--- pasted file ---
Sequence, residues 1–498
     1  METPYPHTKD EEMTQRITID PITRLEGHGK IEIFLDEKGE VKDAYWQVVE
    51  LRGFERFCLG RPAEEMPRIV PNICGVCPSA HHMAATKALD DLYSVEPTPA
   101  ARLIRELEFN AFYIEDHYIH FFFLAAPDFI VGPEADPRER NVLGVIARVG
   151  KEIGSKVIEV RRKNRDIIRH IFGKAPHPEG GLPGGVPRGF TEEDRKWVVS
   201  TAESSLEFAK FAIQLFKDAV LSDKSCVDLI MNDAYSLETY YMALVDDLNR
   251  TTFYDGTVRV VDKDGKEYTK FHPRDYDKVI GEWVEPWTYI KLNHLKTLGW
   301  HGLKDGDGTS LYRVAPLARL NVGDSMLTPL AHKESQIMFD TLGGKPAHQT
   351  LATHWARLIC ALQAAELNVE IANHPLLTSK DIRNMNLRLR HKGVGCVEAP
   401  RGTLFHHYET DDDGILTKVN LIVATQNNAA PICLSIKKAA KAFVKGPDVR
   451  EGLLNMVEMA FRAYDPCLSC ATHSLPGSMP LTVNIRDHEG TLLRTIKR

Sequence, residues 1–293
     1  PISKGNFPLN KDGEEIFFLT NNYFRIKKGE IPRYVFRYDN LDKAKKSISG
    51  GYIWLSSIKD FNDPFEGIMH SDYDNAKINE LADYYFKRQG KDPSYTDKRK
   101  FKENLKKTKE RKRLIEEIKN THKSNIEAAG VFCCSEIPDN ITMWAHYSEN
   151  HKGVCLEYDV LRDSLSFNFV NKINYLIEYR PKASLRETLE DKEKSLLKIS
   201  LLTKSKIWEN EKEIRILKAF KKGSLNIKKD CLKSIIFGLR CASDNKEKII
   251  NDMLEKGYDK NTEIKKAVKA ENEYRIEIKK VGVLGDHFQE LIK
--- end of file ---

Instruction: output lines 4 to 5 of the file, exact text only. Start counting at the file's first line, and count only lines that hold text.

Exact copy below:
   101  ARLIRELEFN AFYIEDHYIH FFFLAAPDFI VGPEADPRER NVLGVIARVG
   151  KEIGSKVIEV RRKNRDIIRH IFGKAPHPEG GLPGGVPRGF TEEDRKWVVS